The full version of the video that Tailgunner posted about a few weeks back was already playing. There was only about an hour left in the race where Roche would claim his World title, and I was allowed watch the video in peace. Well, in relative peace since I was inhaling a constant cloud of smoke that plagues me to this day with chronic bronchitis. The peace lasted until Roche crossed the line, but only until then. The next hour was spent with replay after replay, finger pointing, and raised voices as these two women "explained" to me everything I should know about bike racing. But couldn’t they understand that I didn’t speak French, and just give it a rest? This was humiliating, but nothing like race day would be.
I had been told to attack when ever it rained, but not by Lulu or her friend. The French hate the rain. On race day it rained and it was a criterium. The course had corners, slippery paint stripes, and railroad tracks. It was going to be wet, dangerous, and miserable, and I was pleased.
With 200 meters to go on his last lap, Christophe Letudier attacked fiercely and I clamped on his wheel and would not budge until overtaking him after the line. I watched him celebrate with his arms raised and possibly only his tippy toes remaining on the pedals. His face had an expression of euphoria, that is, until he heard the bell sound to signify one lap to go. Yes, he had celebrated one lap too early.
I quickly let eight to ten riders overtake me, but no more than that. With four to five hundred meters to go I jumped with all I had. I hopped the railroad tracks, risked it all through two more corners and sprinted across the line, never daring to raise hands in victory after what happened to Letudier. On the cool down lap I had two great concerns, stay fifty meters ahead of everyone until crossing the line again just in case, and how was I going to face Lulu when she claimed the win for herself since she had taught me how to do all that the day before.
Facing her was the single most pride swallowing, humbling, and humiliating event I had experienced up to that point in my eighteen years of life. But then again the choice was easy, I had to endure, I relied on her for food, and I was famished.
Friday, April 8, 2011
About 20 or so hearty souls showed for the second shop ride of the year this evening. The ride conditions were surprisingly dry though the temperature dropped continuously throughout the ride. We even had a couple of triathletes on tri bikes come blowing-in late and then disrupt the flow of the ride with all of their aero antics, but they were reasonably well tolerated by the peloton.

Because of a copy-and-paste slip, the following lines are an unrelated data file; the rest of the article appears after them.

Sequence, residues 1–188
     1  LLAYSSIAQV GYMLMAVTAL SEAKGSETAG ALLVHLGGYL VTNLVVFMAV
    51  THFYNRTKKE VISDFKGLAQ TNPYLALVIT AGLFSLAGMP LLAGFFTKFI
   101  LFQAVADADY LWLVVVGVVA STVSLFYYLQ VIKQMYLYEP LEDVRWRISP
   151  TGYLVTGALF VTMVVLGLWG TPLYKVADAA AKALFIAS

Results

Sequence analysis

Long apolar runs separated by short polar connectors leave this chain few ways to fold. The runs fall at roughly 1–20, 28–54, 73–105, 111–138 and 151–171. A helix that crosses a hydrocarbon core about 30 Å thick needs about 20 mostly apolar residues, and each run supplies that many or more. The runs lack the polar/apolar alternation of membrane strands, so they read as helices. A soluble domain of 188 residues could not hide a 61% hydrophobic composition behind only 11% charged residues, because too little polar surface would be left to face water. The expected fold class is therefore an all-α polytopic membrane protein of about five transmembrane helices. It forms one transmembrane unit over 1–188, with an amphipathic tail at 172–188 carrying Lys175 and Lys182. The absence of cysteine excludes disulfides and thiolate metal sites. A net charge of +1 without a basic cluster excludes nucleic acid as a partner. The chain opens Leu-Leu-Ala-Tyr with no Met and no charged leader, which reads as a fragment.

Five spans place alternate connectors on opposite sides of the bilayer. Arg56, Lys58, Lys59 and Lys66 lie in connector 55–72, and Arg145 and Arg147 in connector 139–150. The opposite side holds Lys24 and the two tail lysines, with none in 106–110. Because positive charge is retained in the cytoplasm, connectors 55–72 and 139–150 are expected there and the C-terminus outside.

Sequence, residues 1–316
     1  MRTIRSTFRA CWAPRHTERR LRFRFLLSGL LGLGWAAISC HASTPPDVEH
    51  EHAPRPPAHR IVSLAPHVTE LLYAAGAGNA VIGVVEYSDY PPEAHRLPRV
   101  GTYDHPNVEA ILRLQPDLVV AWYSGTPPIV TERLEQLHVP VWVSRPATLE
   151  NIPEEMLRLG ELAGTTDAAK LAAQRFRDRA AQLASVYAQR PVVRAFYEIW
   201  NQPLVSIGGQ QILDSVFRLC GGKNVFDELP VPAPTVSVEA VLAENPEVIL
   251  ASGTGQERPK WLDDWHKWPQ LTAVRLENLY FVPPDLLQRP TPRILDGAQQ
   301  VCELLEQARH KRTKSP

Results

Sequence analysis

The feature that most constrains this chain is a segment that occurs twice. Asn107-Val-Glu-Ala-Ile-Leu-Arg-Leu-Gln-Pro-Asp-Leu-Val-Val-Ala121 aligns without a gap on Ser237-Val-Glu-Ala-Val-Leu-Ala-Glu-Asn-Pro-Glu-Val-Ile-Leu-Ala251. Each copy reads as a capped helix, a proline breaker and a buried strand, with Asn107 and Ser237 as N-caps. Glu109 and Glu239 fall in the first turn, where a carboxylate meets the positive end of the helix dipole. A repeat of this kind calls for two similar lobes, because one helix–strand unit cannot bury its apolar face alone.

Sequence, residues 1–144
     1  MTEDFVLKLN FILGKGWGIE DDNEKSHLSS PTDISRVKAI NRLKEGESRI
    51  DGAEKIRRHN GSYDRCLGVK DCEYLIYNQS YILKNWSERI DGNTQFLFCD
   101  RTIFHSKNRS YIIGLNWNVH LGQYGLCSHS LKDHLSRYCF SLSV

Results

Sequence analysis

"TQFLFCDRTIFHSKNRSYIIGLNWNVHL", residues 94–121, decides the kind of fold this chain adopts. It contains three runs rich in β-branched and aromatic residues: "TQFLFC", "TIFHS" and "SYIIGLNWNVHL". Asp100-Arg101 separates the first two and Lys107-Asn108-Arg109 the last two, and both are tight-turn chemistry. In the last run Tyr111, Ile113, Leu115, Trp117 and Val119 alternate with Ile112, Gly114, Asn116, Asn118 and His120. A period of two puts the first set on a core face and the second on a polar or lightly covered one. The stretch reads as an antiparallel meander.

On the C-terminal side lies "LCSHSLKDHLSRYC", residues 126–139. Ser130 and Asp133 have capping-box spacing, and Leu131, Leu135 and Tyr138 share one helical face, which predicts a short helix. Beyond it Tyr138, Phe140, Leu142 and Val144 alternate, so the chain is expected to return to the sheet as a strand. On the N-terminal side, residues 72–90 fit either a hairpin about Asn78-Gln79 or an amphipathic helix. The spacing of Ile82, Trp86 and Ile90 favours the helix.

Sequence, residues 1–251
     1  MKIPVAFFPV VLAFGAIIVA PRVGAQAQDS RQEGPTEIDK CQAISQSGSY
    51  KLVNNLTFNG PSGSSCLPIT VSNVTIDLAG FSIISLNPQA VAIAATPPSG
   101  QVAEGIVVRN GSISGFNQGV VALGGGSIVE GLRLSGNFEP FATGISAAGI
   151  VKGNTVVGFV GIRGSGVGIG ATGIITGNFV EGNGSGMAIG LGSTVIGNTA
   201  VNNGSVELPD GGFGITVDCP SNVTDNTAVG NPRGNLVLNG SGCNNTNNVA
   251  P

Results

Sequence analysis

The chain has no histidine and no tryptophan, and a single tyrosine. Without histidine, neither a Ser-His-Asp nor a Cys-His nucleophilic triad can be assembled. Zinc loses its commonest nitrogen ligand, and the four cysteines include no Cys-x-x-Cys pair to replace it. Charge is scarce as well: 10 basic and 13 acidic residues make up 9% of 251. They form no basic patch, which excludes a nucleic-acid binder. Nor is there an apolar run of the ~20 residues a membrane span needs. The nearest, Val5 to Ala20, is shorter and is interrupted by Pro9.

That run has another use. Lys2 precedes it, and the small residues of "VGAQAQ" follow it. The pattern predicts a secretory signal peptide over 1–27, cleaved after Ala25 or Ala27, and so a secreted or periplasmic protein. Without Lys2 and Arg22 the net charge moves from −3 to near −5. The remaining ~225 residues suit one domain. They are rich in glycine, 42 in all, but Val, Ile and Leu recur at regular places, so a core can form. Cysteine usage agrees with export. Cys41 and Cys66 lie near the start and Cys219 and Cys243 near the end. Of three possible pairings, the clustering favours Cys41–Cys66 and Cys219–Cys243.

Interestingly enough, the roads were wet just as we turned-off of Government Way and must have just missed some significant precipitation. Though there were quite a few rooster tails and back-stripes there were no complaints from the group. Tom stopped to render pneumatic assistance to JS who was then kind enough not to completely demoralize us the remainder of the ride.
The final regrouping point was the top of Doomsday Hill before the final roll back to the shop. Thankfully, Tomás had stayed behind to attend to a couple of final customers and ensure that hot pizza would arrive shortly. There was still plenty of light when we returned which served to reveal almost universal smiles as the group dismounted and visited.
Thanks to everyone who attended and to Team Two Wheel members Lynn, Gage, Paul, Tom, Scott and Taylor. The team is very attentive and does a great job of ensuring everyone has someone to ride with. Hope to see everyone back next week.
mechBgon adds: here's some video from the ride. And tangentially, check out the resource usage involved in high-def video editing (pic below)... it's not a coincidence that my home computer is packing 16GB of RAM and one of the latest quad-core processors (Core i5 Sandy Bridge with 3.7GHz turbo mode).
Thursday, April 7, 2011
Wednesday, April 6, 2011
When Scooter and I were junior racers we had some crazy tights and I've been asked to do a blog post about them. Hopefully you can tell by the picture what they looked like. The picture is me and the tights [Ed. Note - Racing in Volunteer Park about 1988]. If you can't tell, are black with turquoise polka dots. Hopefully Scooter can come up with a better picture of his because they make mine look normal.
Here are the facts. .
Fact. We rode during the winter.
Fact. We had a need for tights.
Fact. There wasn't a lot in the way of funds to buy cycling gear for Scooter and me when we were younger.
Fact. My dad was handy with a needle and thread.
Fact. We were urged to choose the material for our tights out of the misfit-bastard-discount-bin at the fabric store.
Fact. I choose the closest thing I could find to all black tights.
Fact. Scooter wasn't so lucky.
Fact. I still thought they were awesome even though some others didn't at the time. [Ed. Note - We think they are awesome NOW, but for all the wrong reasons.]
Fact. Scooter still raced with his into his pro-circuit racing days.
Tuesday, April 5, 2011